Evidence forms – quite frankly, these were the bane of my life as an inspector. Everything had to be written down but the form never seemed to make the job easy, especially when it came to writing evaluatively or remembering all the codes. EFs were carbon copied, so neat, legible handwriting was essential which when working under pressure, perched on the edge of a sandpit in the Nursery outdoor area was always tricky. Even worse if squatting on a log in a bog, froze to the bone in three inches of mud in Forest School (and yes, guess who always got sent there).
SMSC – As soon as EYFS, forest school and the book scrutiny were out of the way, I always knew what was coming next. ‘You wouldn’t mind having a quick walk round school would you and try and see if you can find any SMSC? It’s just that we haven’t found any yet and are due to feed back in an hour. Oh, and don’t forget to try and find the candle.’ So off I’d go with my clipboard and EF and invariably end up writing evaluatively about Elmer the Elephant. Once done, it was then a case of a quick dash to find the ubiquitous display about ‘Our Values’, October’s Black History Month display (invariably it remained up all year) and Kenya (every school has one). Such was my tenacity, more often than not I’d find the assembly candle even if in most cases it was shoved down the back of the piano (tick spiritual).
The single central record – just the thought of it makes my stomach churn. Again, it was always me that got to go and meet with the lovely Ethel or Doris and try and get to grips with their quirky style of filing. Apart perhaps from one or two inspections, I don’t recall anyone getting it right first time. I was always quite glad that they didn’t because it gave me an excuse to delay having to go outside and measure the height of the external door handles.
The box-room office – people were always amazed when we’d rock up at a school, that as an inspection team we’d probably never met each other before. I think they thought we all lived in the same house and knew each other intimately. This can be the only reason why they would put us in a room the size of a laptop screen. Even better if it had no windows, Wi-Fi or a plug point. So a cupboard then.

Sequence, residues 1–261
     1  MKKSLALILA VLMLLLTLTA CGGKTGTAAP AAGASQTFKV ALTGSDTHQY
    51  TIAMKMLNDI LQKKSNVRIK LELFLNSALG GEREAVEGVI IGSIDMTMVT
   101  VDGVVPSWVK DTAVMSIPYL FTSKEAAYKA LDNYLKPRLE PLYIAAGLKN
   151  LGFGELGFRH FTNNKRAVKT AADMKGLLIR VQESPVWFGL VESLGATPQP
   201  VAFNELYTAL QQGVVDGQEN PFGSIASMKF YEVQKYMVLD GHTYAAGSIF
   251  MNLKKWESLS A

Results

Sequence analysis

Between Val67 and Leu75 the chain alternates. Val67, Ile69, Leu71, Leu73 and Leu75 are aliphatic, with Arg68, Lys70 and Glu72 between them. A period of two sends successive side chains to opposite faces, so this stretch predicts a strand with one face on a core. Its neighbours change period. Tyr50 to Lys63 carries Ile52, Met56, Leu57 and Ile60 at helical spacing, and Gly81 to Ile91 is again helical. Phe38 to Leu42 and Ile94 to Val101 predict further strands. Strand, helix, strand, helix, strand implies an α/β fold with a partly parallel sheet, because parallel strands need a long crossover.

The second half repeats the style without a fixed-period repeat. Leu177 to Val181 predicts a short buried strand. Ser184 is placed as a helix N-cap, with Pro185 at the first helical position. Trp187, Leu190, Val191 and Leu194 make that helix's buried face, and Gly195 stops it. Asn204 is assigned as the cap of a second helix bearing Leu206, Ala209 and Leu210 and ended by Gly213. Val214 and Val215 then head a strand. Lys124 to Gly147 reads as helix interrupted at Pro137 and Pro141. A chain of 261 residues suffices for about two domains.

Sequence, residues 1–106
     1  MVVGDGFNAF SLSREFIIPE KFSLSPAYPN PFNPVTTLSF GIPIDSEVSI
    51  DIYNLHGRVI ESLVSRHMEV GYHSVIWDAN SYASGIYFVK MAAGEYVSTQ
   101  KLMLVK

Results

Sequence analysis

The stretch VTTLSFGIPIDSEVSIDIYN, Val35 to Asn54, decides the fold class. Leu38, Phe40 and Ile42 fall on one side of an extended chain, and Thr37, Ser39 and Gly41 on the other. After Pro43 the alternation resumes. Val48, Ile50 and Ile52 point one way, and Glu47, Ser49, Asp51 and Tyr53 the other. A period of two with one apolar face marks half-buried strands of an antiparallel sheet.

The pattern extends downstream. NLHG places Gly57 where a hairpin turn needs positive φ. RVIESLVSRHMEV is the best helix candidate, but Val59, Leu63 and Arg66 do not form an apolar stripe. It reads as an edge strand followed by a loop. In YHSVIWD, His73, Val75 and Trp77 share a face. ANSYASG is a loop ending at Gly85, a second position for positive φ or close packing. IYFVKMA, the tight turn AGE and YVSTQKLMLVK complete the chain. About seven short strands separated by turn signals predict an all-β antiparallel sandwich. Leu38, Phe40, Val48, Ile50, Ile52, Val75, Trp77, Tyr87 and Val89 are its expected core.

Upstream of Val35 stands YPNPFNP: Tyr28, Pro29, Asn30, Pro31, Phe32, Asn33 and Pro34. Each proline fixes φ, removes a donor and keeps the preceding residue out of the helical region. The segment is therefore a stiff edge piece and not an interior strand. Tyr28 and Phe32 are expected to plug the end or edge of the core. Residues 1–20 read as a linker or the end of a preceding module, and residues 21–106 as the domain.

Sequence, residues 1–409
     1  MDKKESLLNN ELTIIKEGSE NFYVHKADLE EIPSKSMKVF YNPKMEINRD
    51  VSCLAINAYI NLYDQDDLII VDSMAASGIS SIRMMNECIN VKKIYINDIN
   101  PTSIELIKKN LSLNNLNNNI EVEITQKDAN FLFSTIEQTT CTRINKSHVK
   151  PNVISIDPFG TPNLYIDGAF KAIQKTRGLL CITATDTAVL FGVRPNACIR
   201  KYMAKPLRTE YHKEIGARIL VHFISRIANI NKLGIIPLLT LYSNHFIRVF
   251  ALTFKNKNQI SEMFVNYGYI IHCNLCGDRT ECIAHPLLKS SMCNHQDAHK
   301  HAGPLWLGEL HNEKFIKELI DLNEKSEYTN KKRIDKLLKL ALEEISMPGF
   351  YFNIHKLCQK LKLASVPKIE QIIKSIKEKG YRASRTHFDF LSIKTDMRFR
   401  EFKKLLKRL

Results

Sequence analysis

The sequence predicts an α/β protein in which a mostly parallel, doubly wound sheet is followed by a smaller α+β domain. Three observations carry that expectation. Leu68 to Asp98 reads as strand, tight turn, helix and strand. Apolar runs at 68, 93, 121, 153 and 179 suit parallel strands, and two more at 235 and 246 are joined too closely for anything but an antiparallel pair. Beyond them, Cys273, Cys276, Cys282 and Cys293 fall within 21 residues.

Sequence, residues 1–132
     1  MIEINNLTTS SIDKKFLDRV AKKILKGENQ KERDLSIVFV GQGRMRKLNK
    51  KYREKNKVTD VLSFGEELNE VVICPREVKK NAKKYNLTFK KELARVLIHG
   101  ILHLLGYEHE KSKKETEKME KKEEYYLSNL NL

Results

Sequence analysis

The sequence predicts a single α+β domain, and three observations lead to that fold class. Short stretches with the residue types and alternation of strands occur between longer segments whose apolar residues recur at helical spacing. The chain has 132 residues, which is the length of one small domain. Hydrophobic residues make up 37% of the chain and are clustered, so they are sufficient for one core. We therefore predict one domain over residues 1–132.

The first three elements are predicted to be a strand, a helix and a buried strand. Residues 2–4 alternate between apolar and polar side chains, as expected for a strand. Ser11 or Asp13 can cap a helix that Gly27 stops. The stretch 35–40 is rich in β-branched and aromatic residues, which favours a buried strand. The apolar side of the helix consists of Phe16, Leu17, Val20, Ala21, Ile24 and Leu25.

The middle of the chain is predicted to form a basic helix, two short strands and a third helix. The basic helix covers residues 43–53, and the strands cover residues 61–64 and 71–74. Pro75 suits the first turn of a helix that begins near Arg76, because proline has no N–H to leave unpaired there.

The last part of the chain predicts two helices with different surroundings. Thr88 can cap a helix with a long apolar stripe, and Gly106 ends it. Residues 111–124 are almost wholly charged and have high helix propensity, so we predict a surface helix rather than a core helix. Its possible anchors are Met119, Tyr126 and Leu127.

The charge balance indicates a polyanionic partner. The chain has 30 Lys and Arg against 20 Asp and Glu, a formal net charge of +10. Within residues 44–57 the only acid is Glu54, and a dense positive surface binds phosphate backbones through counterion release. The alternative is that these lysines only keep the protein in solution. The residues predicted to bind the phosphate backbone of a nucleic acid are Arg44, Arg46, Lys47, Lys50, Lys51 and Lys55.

The ‘chair outside the classroom’ gag – you must have heard this one. I sat through it dozens of times and on each occasion had to chuckle as if I’d never heard it before. It goes like this and involves the lead inspector explaining to the staff at the start of the inspection how lesson observations work: ‘…and when we come in to your room please try and ignore us. We don’t need anything from you, although a chair to sit on would be much appreciated…’ Then comes a pause for the punchline. ‘Preferably inside the classroom.’
In the spirit of redressing the balance, in my next blog I shall attempt to list the things that I do miss about being an Ofsted inspector. It won’t be the longest of posts, granted, but it will attempt to show how an external perspective can add value to a school’s journey of improvement, candles, Ethels and Elmers notwithstanding.
‘The Art of Standing Out‘ is available now on Amazon, published by John Catt Educational.